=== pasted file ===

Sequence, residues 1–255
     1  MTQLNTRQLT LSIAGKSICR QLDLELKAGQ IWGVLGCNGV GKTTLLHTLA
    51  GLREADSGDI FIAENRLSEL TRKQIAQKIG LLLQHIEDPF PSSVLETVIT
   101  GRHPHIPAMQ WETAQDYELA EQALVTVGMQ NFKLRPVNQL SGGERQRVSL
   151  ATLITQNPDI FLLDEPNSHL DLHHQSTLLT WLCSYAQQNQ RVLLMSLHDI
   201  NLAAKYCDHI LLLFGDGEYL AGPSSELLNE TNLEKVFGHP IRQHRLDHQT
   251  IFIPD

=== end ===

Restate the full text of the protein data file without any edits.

Sequence, residues 1–255
     1  MTQLNTRQLT LSIAGKSICR QLDLELKAGQ IWGVLGCNGV GKTTLLHTLA
    51  GLREADSGDI FIAENRLSEL TRKQIAQKIG LLLQHIEDPF PSSVLETVIT
   101  GRHPHIPAMQ WETAQDYELA EQALVTVGMQ NFKLRPVNQL SGGERQRVSL
   151  ATLITQNPDI FLLDEPNSHL DLHHQSTLLT WLCSYAQQNQ RVLLMSLHDI
   201  NLAAKYCDHI LLLFGDGEYL AGPSSELLNE TNLEKVFGHP IRQHRLDHQT
   251  IFIPD